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The Poems of Henry Van Dyke

really liked it 4.00  ·  Rating Details  ·  19 Ratings  ·  3 Reviews
1911. A collection of verse by Van Dyke, the American clergyman, diplomat, educator, and author. The poems in this volume are divided under the following headings: Songs Out of Doors; Stories in Verse; Pro Patria; In Praise of Poets; Music; Lyrics of Labor and Romance; Songs of Hearth and Altar; Inscriptions, Greetings, and Epigrams; and Wayfaring Psalms. See other titles ...more
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Published May 1st 2005 by Kessinger Publishing (first published January 1911)
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Caleb
Jan 12, 2014 Caleb rated it really liked it
I'm a fan of Van Dyke's short stories and am enjoying getting to know his poetry. I personally find the shorter poems in this collection very good but don't enjoy the longer ones as much. That's more of a personal preference than a comment on his abilities as a poet though. Some favorites of mine are:

If All the Skies
The Child in the Garden
The Three Best Things

Henry Van Dyke isn't very well known today but he's worth a closer look.
Maggie
Jan 26, 2015 Maggie added it
As I read Van Dyke, I feel the passion of our God in this man's heart, and they speak deeply into my own heart. he died in 1933.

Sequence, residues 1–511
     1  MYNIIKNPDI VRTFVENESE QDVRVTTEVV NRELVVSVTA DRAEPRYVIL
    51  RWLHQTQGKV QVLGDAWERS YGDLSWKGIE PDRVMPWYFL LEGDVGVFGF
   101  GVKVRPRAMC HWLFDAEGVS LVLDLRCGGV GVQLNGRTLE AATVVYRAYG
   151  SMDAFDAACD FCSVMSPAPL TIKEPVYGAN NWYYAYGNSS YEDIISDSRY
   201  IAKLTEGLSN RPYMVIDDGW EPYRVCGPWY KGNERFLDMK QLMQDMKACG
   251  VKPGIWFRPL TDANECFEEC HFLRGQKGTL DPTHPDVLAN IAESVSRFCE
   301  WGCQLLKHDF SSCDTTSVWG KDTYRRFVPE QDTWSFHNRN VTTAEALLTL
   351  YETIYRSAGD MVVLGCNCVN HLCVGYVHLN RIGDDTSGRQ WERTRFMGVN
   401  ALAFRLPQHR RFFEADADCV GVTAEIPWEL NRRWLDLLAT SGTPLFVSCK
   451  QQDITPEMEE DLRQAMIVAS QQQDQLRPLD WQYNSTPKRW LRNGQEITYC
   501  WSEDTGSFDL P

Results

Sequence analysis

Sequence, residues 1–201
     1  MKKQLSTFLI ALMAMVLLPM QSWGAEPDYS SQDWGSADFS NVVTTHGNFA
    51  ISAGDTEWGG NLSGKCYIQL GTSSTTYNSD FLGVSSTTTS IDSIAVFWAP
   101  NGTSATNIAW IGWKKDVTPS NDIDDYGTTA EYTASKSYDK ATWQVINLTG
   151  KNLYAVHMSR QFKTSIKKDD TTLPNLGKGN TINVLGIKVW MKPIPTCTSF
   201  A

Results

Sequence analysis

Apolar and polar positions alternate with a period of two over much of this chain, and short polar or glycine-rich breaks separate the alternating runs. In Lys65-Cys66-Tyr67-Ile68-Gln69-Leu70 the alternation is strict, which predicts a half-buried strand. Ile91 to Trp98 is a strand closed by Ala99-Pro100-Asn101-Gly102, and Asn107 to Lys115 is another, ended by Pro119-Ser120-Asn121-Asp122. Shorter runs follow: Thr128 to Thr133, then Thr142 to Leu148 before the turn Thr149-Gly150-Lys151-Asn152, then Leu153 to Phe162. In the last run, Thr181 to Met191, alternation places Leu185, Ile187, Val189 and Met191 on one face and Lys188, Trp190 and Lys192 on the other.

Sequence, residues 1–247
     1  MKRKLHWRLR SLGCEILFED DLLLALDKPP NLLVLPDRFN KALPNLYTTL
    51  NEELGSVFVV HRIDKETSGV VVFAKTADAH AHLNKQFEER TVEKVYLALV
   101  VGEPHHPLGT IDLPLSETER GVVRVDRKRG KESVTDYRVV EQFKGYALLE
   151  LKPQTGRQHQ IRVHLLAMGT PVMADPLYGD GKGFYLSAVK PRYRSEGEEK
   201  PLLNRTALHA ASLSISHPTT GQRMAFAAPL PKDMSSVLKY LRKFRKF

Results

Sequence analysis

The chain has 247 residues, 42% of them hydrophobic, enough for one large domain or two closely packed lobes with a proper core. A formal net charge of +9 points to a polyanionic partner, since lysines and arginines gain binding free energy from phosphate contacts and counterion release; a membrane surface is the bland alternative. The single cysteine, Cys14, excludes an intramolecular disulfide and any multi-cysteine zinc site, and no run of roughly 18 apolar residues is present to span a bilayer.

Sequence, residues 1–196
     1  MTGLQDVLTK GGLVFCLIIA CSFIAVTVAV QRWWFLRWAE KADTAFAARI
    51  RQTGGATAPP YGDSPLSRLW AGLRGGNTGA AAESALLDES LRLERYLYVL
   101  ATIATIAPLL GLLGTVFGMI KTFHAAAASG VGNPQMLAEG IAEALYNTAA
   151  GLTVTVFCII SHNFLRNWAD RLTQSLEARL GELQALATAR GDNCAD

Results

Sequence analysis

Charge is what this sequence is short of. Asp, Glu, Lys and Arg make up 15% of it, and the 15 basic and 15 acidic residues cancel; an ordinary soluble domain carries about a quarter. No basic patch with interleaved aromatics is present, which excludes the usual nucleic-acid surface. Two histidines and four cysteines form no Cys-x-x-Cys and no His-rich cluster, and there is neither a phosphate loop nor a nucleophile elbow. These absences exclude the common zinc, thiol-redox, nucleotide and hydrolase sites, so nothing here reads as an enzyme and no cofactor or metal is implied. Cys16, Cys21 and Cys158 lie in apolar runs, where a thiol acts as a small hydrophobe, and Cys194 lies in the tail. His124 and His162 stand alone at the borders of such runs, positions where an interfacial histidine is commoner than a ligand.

Amber Nelson
Jun 24, 2013 Amber Nelson rated it it was amazing
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Henry Van Dyke (1852-1933) was an American Presbyterian clergyman, educator, and author. He graduated from Princeton in 1873, and from Princeton Theological Seminary in 1874. He was pastor of the Brick Presbyterian Church, New York City (1883-99), professor of English literature at Princeton (1899-1923), and U.S. minister to the Netherlands (1913-16).

Among his popular inspirational writings is th
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“Let me but live my life from year to year,
With forward face and unreluctant soul,
Not hastening to, nor turning from the goal;
Nor mourning things that disappear
In the dim past, nor holding back in fear
From what the future veils; but with a whole
And happy heart, that pays its toll
To youth and age, and travels on with cheer.
So let the way wind up the hill or down,
Through rough or smooth, the journey will be joy,
Still seeking what I sought when but a boy --
New friendship, high adventure, and a crown,
I shall grow old, but never lose life's zest,
Because the road's last turn will be the best.”
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